Climate Change

Climate Change

A crack in everything

Rain is pouring down in unprecedented quantities this summer over central Europe. Dense. Tropical. Excessive. Fueling the discussion about climate change definition and effects, of course, and some chronic contradictory statements. From “I’ve never seen this where I live in my whole life!” to “That’s how the summers used to be when I was young”.

Wet music

For my part, I have a reminiscence of fairly wet summers in my youth, quite rarely offering us very long strings of totally sunny days. But I definitely believe it was not as extreme in rain or heat as it has been lately.

When it rains, I love to listen to some older music. So maybe it was indeed rainier back then, and I instinctively let the emotional waves of the state of mind I felt at the time gently pull me to and fro. The other day, I was turning the volume up on a song by the great Canadian bard, Leonard Cohen. It was Anthem, on the album noticeably named The Future, released in 1992. Maybe not my favourite song, but surely some of the most powerful poetry he’s written! I’m sure you’ve heard it before:

There is a crack, a crack in everything,
That’s how the light gets in…

You can read this in so many ways, it always brings these consoling thoughts with it: that total perfection is not a goal, that failure is part of our human nature, and will not destroy us but help us go forward. A message of hope in a world that wasn’t yet badly threatened by environmental issues.

Speaking of which. One of these cracks, quite literally, is the ozone hole. In the 90s, it reached 11% of the earth’s protective layer, and let in much more than light: essentially extremely damaging ultraviolet radiation. But it also brought the world’s countries together to fight against it. It paved the way for the Montreal protocol, the first international agreement signed by all nations in the history of the UN, “a milestone for all people and our planet”[1]. The ozone layer has been mostly recovering ever since.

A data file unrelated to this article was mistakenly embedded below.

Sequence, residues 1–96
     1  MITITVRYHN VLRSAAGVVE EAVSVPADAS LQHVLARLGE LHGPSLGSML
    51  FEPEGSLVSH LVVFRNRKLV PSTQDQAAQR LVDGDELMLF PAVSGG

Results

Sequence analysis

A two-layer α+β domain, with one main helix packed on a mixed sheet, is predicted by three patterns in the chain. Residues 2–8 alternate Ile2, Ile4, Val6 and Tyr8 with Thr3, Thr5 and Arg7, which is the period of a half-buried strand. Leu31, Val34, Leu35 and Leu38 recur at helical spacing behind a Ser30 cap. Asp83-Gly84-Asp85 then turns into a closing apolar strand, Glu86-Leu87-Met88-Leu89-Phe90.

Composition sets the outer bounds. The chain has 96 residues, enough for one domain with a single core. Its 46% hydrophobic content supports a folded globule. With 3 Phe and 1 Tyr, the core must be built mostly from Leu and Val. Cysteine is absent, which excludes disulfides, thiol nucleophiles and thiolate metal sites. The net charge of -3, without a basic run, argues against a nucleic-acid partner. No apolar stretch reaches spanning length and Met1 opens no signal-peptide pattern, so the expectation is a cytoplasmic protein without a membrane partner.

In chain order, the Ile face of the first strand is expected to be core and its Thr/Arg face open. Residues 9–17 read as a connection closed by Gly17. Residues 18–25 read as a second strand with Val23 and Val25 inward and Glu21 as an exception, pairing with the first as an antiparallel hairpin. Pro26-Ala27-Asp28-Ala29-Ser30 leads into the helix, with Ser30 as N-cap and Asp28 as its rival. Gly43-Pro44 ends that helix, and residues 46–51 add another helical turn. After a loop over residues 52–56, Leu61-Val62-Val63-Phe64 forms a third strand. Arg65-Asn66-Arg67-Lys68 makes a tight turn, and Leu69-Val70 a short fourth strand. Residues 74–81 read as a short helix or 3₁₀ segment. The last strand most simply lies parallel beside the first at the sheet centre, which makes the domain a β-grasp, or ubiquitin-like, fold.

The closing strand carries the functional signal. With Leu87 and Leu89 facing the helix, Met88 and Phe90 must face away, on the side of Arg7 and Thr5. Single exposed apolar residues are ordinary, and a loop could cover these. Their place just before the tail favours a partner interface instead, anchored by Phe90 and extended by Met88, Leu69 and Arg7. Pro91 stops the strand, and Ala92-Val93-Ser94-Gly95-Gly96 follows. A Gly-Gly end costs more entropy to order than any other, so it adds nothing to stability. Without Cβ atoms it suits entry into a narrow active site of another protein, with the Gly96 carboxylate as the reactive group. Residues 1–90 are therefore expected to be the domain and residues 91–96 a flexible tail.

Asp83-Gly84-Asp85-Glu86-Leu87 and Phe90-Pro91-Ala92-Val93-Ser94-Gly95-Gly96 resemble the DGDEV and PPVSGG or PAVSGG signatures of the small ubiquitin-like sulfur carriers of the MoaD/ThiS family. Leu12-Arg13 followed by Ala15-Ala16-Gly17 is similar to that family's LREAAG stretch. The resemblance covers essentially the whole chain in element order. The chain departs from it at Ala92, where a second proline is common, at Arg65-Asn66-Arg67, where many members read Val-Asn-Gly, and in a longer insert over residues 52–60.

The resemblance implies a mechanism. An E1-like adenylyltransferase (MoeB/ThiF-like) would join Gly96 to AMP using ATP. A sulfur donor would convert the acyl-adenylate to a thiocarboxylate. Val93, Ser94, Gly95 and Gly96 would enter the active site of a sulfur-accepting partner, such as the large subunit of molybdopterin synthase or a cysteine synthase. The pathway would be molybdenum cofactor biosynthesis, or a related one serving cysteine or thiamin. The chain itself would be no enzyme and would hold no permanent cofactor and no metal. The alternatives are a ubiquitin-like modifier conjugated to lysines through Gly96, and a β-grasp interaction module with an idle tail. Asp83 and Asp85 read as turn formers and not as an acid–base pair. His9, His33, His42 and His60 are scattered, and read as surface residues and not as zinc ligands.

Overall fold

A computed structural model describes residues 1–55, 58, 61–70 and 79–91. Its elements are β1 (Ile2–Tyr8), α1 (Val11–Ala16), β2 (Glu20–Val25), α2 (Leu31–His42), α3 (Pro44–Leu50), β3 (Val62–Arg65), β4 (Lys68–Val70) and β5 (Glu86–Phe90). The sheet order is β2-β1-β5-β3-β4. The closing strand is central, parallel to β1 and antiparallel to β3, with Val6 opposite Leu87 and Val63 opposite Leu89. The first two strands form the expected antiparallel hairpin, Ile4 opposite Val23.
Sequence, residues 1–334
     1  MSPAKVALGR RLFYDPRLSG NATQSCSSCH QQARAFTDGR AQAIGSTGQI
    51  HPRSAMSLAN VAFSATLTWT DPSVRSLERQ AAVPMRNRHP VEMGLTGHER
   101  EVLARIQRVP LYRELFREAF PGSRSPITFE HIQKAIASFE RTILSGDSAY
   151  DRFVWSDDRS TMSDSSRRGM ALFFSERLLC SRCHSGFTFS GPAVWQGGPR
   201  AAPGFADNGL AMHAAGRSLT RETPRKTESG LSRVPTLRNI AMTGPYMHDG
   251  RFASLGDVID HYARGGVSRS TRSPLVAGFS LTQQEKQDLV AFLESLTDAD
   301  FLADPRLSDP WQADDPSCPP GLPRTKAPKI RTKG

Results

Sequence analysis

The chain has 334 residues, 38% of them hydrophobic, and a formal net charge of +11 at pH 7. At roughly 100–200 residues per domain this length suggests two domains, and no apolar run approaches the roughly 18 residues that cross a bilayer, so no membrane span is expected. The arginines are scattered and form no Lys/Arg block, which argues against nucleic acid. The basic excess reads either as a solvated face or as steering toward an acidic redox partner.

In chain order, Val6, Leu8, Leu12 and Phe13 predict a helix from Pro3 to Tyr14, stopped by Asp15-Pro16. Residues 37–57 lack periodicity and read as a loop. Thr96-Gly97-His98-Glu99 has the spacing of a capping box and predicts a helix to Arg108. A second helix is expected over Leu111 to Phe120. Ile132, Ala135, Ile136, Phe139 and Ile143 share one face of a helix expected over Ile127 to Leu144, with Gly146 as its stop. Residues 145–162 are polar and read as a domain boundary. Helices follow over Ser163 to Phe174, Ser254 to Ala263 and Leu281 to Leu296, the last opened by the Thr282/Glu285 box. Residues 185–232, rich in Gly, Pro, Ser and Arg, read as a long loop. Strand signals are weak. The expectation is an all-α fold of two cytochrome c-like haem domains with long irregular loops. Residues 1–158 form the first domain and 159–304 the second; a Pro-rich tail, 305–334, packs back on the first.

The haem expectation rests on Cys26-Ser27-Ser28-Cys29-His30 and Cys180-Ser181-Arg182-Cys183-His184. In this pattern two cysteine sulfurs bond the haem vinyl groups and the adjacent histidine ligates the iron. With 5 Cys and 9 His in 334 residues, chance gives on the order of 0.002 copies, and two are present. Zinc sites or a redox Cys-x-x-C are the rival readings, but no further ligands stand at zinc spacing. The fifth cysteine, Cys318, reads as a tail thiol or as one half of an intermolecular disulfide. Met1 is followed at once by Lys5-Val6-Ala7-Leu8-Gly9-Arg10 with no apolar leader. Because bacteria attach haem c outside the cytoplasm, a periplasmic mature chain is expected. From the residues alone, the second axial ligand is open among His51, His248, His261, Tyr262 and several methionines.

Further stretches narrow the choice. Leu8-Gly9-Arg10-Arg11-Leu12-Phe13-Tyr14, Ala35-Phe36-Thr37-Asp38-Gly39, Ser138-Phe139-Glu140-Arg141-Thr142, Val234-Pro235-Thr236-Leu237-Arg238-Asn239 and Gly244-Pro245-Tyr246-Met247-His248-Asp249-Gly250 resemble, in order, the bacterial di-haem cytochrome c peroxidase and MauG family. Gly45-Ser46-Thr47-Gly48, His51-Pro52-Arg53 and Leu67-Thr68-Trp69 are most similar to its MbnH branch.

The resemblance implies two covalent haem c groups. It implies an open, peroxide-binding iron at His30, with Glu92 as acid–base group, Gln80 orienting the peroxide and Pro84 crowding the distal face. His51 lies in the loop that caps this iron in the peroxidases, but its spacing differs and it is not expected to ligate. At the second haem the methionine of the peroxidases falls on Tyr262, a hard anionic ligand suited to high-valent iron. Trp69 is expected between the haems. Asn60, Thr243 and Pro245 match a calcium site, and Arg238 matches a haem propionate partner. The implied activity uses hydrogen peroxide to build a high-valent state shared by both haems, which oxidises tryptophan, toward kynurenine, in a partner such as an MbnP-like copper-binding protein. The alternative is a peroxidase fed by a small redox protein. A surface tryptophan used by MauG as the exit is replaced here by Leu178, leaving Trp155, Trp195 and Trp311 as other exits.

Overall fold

From poetry to pottery

In the ancient Japanese art of Kintsugi, broken pottery is repaired with a gold-powdered lacquer, resulting in an object more beautiful than before it was fractured. Similarly, the ozone threat has made visible the unity and frailty of humankind, and made it better.  It would be great if we could reach more agreements to commit to solutions like this one, bringing societies together to progress and help the recovery of our fragile ecosystems. Mastering the ongoing plastic tide, for example, would certainly be an urgent contender.

In our manufacturing world, natural fibers, as opposed to artificial ones, are also where I like to see the kind of crack that can bring us some light. Just look at the beauty of a magnified yarn of wool: spiral structures turning in opposite directions, spikes, crimps, curls, irregularities. Quite stunning, and every bit unlike the constantly repeating, uninspiring and uniform structure of synthetic fabrics. This even surface is plastic, and the “perfection” of it also renders it almost indestructible. It will stay as plastic, wherever it ends, almost forever.
Following the poet, I fancy to imagine that the microscopic structure of those materials we can find and use in nature incorporates a crack, allowing them to be biodegradable. That’s how the light gets in!

The weather has cleared up, and my playlist has jazzier tunes besides the somber voice of Leonard. They seem better suited to breezy days with a little sunshine and fluffy cumuli. But dry or wet, I will always have a special place in my heart for Anthem, and its strange but beautiful truth.

 [1] Antonio Guterres, UN Secretary-General, 2017

Further readings